Indigenous people in the Philippines are calling on the government to authorise a force of tribal rangers to help preserve the country’s forests and curb climate change.
Forest management and protection are an important part of the Philippines’ strategy to reduce its carbon emissions by 70 per cent by 2030, a commitment made for the new global agreement on climate change reached in Paris last December.
The Southeast Asian country aims to reduce its emissions from deforestation and slash-and-burn farming largely through a scheme called REDD+ (Reducing Emissions from Deforestation and Forest Degradation), in which developing countries are compensated for protecting their forests.
Martin Donato and his indigenous Mandaya tribe in the southern province of Davao Oriental want to be at the heart of REDD+ efforts - and are hoping to reap some of the financial rewards.
Donato, a member of his tribal council and representative of indigenous people in his village of Rizal, has been tapped to help oversee REDD+ activities in the tribe’s area.
REDD+ includes safeguards, negotiated at the 2010 U.N. climate change conference in Mexico, to minimise any negative effects of forest preservation activities on indigenous peoples, biodiversity, livelihoods and governance.
That includes ensuring indigenous groups and communities that depend on the forest participate in REDD+ activities.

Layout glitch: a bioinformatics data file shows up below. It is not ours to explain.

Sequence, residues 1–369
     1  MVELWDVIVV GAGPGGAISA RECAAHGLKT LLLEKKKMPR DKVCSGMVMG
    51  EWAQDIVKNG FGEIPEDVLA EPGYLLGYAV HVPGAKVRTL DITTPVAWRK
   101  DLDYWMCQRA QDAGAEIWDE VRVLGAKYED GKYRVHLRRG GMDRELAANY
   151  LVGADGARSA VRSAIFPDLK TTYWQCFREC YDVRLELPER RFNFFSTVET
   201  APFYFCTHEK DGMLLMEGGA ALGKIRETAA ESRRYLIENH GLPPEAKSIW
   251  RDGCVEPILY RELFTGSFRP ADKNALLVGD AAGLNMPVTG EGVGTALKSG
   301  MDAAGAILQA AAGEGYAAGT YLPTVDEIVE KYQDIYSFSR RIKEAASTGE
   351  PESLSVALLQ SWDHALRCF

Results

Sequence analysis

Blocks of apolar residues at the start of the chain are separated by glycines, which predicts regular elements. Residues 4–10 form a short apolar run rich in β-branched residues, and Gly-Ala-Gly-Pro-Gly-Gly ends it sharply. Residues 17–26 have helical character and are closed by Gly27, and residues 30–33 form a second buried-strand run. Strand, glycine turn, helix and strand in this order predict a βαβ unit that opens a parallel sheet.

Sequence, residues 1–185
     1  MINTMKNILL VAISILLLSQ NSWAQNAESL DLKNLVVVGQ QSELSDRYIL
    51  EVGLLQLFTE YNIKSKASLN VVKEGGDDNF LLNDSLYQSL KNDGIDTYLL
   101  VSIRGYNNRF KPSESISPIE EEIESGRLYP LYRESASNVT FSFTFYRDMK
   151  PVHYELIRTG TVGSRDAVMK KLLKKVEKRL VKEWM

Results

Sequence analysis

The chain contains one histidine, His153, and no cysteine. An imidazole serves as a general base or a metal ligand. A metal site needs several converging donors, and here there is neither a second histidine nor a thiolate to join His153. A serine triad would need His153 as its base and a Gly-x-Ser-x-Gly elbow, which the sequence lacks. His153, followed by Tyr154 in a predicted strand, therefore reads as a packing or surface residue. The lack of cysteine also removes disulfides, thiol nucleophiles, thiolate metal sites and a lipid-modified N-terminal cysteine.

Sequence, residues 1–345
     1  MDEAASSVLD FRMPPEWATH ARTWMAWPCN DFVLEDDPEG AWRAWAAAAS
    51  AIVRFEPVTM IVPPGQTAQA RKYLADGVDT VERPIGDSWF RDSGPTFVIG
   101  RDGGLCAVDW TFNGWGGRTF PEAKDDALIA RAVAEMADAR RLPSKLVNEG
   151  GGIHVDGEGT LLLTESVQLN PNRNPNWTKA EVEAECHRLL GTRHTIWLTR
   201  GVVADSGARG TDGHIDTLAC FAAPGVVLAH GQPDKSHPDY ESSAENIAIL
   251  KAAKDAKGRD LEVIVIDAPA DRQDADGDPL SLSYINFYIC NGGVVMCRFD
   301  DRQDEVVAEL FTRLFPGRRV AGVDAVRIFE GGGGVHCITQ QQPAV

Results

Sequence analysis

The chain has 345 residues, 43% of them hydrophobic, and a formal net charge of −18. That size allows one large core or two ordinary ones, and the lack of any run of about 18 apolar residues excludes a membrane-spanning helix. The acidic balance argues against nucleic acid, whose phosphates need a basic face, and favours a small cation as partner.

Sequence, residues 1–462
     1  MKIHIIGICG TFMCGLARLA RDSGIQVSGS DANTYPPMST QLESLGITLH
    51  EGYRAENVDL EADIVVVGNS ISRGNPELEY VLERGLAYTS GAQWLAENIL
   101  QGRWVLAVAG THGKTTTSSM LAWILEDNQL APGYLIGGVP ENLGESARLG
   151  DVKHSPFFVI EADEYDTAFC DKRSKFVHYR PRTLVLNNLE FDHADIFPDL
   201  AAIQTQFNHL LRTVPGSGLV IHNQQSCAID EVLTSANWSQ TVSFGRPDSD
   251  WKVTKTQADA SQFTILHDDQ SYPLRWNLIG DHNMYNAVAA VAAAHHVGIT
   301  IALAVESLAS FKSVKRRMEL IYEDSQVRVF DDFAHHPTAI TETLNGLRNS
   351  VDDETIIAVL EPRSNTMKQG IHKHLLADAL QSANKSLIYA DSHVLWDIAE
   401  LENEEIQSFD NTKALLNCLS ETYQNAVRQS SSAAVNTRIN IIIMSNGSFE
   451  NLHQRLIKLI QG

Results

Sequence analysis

Under Philippine law too, the government and the private sector must secure the consent of indigenous groups before natural resources on their ancestral lands can be exploited.
Without the safeguards, indigenous people could suffer violation of their customary land rights, political marginalisation and declines in food production, experts say. Failure to implement the safeguards can lead to a country forfeiting its REDD+ payments.
Donato and other members of indigenous tribes in nearby villages are calling for a mechanism to ensure their voices will be heard and their rights protected under REDD+ projects.
“The best way to do that is by having a tribal force,” Donato said.
Local people envisage the force as a paid group of tribal members who would patrol the forests and help monitor carbon levels. They also want to be given the authority to apprehend those who illegally clear or damage forest land.
“How can we fight illegal loggers?” asked Donato. “We (currently) cannot arrest them.”
Jusvin Sumambot, a member of the tribal council in Lambog village, said any agreement on REDD+ activities in their ancestral domain should be signed not only by the mayor or local chief executive but also by the tribal chieftain, who could be part of the forest force.
Donato said the Mandaya tribe’s involvement should include measuring, reporting and verifying stocks of carbon in the trees and vegetation.
“We want to be trained on how can we actually measure the carbon and do an inventory,” he said.
Indigenous people already work as “bantay gubat”, or forest rangers, in the mountains of Davao Oriental, where their work extends from forest conservation to wildlife protection.